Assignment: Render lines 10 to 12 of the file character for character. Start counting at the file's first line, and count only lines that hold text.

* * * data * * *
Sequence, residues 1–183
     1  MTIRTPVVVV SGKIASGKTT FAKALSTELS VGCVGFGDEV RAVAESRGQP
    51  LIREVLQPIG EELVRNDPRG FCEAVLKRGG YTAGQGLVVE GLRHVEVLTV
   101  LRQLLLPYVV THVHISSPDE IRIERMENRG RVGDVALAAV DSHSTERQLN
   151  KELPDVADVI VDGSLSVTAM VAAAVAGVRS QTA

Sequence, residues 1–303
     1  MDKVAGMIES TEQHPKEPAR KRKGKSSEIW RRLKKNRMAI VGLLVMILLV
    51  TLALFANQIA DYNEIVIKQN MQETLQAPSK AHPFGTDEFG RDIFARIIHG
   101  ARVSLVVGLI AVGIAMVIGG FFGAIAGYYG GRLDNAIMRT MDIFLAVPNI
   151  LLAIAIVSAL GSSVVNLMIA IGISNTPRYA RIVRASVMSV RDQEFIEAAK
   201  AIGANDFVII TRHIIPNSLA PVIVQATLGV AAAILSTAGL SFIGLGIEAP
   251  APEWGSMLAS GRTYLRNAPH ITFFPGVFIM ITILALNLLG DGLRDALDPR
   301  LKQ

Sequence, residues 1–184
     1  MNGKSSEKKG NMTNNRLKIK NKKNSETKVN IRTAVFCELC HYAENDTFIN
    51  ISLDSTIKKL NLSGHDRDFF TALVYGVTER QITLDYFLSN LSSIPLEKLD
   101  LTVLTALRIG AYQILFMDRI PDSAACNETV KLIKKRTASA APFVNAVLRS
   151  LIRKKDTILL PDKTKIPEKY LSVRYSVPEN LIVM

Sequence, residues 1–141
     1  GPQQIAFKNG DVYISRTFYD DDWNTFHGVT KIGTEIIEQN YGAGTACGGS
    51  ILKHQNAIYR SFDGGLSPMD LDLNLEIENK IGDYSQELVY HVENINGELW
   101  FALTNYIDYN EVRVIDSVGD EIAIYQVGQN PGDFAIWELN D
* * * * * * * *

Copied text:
   151  LLAIAIVSAL GSSVVNLMIA IGISNTPRYA RIVRASVMSV RDQEFIEAAK
   201  AIGANDFVII TRHIIPNSLA PVIVQATLGV AAAILSTAGL SFIGLGIEAP
   251  APEWGSMLAS GRTYLRNAPH ITFFPGVFIM ITILALNLLG DGLRDALDPR